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by: Stanton on
Mon Oct 31, 2011 1:03 pm

It should be the same as what's on your ticket, section 7(5)(a). There is no definition of true copy that I'm aware of in the HTA. Courts have always simply said it must be a copy of the front and back of the document, with the current validation sticker on the back as well.


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by: slepy on
Tue Nov 01, 2011 1:41 pm

Thanks.

Well, in my humble opinion they can say what they want, but without a reference to an explicit definition in a legal document, that means nothing. The definition of 'true copy' in OHTA does not exist, therefore that point should be easy to challenge. The bottom line is, why a heck they require you to carry this document, when they can pull off all required infomration, including registration and insurance, from the computer which is mounted in every cruiser, based on your driver's license number or any other legal id you have on you?


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by: slepy on
Tue Nov 01, 2011 1:57 pm

Stanton wrote:It should be the same as what's on your ticket, section 7(5)(a). There is no definition of true copy that I'm aware of in the HTA. Courts have always simply said it must be a copy of the front and back of the document, with the current validation sticker on the back as well.
BY the way, can they charge me with anything which is not defined in OHTA or during my trial I can fully rely on this Act?


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by: slepy on
Tue Nov 01, 2011 2:21 pm

Sorry, one more question.

In my case, there were two cops, one who stopped me, took the documents and handed me the tickets. The other one writing tickets on the computer. Is it correct from the legal point or it has to be one cop doing all these actions himself?

Thanks.


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by: hwybear on
Tue Nov 01, 2011 3:19 pm

slepy wrote:The bottom line is, why a heck they require you to carry this document, when they can pull off all required infomration, including registration and insurance, from the computer which is mounted in every cruiser, based on your driver's license number or any other legal id you have on you?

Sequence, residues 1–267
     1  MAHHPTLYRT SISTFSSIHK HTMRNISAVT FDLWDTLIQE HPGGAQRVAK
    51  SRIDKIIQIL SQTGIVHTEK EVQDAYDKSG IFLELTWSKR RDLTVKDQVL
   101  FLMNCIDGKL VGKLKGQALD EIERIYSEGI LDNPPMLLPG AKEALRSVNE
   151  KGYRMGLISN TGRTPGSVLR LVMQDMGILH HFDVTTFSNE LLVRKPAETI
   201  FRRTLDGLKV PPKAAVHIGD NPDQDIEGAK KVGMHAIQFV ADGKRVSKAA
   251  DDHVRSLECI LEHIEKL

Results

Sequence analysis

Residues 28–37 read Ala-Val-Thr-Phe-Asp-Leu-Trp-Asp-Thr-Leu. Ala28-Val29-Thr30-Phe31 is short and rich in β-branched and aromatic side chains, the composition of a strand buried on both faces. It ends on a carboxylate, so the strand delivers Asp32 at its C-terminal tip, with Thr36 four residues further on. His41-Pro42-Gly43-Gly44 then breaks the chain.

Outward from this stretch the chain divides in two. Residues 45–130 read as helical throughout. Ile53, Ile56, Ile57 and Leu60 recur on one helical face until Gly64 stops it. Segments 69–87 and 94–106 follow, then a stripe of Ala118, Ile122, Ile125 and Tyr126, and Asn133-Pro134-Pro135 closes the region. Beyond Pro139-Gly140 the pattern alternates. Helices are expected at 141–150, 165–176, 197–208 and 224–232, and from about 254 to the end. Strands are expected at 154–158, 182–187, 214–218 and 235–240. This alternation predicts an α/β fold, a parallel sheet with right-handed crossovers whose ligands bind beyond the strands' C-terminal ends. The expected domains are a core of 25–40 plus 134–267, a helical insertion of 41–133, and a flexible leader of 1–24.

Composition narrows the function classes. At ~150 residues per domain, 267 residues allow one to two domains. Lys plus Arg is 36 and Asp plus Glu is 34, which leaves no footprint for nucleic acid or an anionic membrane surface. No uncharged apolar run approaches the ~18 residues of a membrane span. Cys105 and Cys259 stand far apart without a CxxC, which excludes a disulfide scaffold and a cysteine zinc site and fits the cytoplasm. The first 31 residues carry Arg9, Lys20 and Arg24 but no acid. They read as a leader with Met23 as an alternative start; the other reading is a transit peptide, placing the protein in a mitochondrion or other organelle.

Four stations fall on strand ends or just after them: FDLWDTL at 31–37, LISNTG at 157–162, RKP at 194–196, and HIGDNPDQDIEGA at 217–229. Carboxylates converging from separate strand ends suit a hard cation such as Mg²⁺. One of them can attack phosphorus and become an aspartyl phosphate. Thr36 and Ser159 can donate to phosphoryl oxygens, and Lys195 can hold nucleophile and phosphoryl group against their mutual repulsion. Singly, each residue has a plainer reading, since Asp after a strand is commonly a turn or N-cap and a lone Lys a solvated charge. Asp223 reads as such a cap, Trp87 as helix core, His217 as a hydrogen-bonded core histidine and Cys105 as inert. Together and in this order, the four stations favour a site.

not all cruisers have computers
not all that information is available if lucky enough to have a computer in the cruiser, nor in the office for that matter

HTA sec 7 Permit to be carried (5) every driver of a motor vehicle on a highway shall carry, (a) the permit for it or a true copy thereof

now using a dictionary online
true = exact, accurate, right, correct
copy = a thing made just like another; imitation of an original

HTA OREG 628
6. A permit for a motor vehicle shall be validated by means of evidence of validation provided by the Ministry and affixed in the appropriate space provided on the permit
- the space provided on the permit for evidence of validation is on the back of the permit
Above is merely a suggestion/thought and in no way constitutes legal advice or views of my employer. www.OHTA.ca


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by: Stanton on
Tue Nov 01, 2011 4:48 pm

The fact that true copy isn’t defined in the HTA really isn’t a defence. As Hwybear has demonstrated, Courts simply look at the meaning of the words. A more thorough search may reveal case law to support this, but I've never seen a JP accept that a partial copy of a document is sufficient.